By P. T. Bateman, Harold G. Diamond
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Additional info for Analytic number theory: an introductory course
18 Then Let g E A, g(l) = 0 and let j=O cj”=, ajg*j be a power series. j=l Proof. Fix n 2 1. We evaluate each side of the formula at n. The summation on each side extends over at most 1 [logn / log 21 indices j . 1). 0 + 25 Exponential mapping An example of the last lemma is L( x g * j / j ! ) = ( x g * j / j ! ) j=O *~ g . 5) is an analogue of the familiar exponential series. In the next section we shall investigate some properties of this series and show its use in multiplicative number theory.
The - ( x + 00). Now we investigate the rate of convergence in the last expression. 4 lpl = 1 * f , where f ( n ) := p ( f i ) i f n is a square and f (n) := O otherwise. Proof. Let g := p * IpI. Since p and lpJ are multiplicative, so is 9. An easy calculation shows that g(1) = 1 and that for any p , g ( p 2 ) = -1 and g ( p a ) = 0 if a # 0, 2. Also, f is multiplicative. Thus g = f , and we have 0 (by Mobius inversion) 1pl = 1 * p * 1pl = 1 * f. 5 + x = (1 - z2)/(1- x). rr21 < 3z1j2. Proof. Let f be as in the preceding lemma.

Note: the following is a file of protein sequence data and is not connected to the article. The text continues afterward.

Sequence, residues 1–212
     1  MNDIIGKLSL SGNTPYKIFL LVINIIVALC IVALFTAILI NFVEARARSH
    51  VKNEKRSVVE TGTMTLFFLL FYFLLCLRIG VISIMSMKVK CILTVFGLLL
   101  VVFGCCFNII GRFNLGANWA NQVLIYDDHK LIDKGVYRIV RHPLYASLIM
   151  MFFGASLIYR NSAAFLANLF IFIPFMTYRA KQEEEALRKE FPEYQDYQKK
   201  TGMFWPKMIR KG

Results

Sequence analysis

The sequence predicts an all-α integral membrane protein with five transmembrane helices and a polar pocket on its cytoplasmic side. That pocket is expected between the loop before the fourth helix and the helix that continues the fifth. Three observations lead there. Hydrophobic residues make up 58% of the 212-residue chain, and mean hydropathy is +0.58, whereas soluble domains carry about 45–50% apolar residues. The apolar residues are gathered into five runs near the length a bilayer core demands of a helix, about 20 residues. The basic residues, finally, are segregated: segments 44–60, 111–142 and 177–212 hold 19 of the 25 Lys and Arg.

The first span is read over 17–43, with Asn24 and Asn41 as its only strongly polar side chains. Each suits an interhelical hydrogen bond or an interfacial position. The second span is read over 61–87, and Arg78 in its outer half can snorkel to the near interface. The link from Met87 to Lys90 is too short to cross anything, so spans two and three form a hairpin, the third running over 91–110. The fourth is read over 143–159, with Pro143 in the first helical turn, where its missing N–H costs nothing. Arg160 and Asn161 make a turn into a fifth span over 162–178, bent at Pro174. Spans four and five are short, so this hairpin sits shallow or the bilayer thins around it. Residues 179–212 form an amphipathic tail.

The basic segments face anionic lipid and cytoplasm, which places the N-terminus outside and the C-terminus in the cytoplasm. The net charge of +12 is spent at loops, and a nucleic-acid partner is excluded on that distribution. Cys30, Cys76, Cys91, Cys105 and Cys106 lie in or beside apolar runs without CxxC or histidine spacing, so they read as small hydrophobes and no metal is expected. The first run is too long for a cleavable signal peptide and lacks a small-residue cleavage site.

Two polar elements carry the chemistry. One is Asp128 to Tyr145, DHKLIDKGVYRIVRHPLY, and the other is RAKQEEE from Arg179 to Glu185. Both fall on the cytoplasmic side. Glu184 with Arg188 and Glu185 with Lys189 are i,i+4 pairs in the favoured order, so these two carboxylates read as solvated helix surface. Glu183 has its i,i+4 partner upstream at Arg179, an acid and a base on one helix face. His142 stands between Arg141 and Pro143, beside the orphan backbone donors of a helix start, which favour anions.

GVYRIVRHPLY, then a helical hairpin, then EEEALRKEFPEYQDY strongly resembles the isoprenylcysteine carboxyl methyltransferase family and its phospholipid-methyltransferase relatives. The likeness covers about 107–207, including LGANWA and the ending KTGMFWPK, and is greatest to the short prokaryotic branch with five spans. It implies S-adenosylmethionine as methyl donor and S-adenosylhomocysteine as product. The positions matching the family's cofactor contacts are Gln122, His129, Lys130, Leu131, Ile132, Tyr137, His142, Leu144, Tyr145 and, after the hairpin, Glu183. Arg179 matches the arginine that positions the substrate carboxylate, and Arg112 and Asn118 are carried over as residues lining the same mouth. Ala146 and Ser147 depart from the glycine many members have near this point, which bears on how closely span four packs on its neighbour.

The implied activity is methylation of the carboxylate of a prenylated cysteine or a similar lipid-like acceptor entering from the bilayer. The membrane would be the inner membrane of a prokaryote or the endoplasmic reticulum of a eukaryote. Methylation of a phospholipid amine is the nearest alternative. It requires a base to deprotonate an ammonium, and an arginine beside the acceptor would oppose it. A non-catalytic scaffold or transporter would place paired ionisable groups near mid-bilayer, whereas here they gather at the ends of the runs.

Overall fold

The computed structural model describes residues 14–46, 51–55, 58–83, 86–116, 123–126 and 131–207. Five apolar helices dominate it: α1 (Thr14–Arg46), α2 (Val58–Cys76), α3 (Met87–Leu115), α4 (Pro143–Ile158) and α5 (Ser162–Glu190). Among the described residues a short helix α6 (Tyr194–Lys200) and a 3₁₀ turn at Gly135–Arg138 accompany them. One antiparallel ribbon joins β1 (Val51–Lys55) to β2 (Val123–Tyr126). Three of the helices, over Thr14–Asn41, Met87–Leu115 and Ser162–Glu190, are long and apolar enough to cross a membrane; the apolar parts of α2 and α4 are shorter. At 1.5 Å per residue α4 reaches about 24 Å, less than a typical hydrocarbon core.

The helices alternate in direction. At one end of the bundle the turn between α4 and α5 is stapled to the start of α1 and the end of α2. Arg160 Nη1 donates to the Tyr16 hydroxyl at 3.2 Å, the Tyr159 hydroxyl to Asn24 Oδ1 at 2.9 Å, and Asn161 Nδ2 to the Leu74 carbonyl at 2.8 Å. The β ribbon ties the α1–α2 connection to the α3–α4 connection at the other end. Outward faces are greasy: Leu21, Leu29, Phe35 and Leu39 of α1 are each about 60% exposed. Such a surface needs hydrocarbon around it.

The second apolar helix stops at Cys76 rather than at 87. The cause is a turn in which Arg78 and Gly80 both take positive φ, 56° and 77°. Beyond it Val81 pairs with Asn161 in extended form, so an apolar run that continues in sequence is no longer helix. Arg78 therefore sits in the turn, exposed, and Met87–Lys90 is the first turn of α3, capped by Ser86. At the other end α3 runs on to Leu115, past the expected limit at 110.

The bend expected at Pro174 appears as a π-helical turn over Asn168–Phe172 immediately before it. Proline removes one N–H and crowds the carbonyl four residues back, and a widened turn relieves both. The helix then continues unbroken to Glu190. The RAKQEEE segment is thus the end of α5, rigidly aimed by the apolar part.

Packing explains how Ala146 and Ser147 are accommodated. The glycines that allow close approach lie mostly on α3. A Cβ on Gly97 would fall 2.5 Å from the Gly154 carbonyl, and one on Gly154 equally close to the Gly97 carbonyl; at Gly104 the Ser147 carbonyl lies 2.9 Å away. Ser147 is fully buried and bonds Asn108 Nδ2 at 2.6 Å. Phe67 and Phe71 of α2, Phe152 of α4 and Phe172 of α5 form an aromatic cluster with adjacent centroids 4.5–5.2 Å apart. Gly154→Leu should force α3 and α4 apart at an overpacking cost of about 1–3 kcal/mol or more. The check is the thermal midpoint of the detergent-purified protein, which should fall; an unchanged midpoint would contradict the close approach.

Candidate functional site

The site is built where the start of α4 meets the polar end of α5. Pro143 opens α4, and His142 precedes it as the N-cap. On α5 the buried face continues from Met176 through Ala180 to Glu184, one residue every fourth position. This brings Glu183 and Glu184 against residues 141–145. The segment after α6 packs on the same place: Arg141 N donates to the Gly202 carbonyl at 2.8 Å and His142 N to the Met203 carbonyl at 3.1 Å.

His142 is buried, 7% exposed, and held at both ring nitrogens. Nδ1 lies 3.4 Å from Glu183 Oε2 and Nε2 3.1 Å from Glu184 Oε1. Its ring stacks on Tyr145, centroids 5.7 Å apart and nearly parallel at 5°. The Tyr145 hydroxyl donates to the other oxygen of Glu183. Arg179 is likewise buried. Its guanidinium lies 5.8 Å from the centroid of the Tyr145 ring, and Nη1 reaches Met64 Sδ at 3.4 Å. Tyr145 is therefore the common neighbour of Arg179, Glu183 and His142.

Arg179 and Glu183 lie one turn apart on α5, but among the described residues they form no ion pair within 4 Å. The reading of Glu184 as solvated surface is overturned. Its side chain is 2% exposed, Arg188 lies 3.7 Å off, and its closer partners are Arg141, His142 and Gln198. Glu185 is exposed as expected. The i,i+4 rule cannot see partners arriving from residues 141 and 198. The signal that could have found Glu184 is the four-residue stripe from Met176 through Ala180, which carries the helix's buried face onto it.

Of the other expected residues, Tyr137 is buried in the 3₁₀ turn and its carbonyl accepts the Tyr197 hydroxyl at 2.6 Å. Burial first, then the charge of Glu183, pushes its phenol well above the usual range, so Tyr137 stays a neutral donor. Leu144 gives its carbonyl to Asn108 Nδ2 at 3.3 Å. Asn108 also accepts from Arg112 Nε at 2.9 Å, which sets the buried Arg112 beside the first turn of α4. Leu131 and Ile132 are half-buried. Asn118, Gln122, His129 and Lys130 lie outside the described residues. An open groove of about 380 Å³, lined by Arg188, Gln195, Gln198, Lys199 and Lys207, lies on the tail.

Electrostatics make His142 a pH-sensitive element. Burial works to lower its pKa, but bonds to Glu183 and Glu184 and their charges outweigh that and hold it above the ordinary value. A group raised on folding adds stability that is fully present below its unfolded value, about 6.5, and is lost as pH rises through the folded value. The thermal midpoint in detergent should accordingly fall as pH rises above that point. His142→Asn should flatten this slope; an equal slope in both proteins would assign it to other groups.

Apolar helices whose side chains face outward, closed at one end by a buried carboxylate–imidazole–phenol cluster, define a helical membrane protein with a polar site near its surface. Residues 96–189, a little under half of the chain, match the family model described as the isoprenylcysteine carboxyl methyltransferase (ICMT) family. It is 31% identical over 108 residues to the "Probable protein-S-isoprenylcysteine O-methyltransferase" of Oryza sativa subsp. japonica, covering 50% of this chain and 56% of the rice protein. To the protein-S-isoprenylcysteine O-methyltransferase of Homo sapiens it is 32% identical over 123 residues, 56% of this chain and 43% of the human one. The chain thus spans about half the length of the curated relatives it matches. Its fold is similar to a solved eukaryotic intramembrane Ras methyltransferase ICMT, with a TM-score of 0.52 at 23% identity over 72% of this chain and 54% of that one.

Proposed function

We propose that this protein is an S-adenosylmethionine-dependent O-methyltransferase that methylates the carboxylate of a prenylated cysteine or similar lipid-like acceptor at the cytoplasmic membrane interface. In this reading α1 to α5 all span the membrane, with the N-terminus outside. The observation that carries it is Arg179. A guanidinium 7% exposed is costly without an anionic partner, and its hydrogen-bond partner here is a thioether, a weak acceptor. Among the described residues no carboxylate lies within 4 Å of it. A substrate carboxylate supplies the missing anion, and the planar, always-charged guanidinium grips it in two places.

23 Let f be any completely multiplicative function except e. Show that f * f and f * - l are not completely multiplicative. 24 Let f E CAI. Show that f is completely multiplicative if and only if f * f = f - T . 25 Let f E d1. Show that f is completely multiplicative if and only if for each g and h E A we have f - ( g * h ) = (f - 9 )* (f - h ) . 26 Show that Ipl is multiplicative but not completely multiplicative. 26. Describe the functions fi. Find log IpI. 27 Liouville's X function is defined by X(n) = (-l)n(n).
Analytic number theory: an introductory course by P. T. Bateman, Harold G. Diamond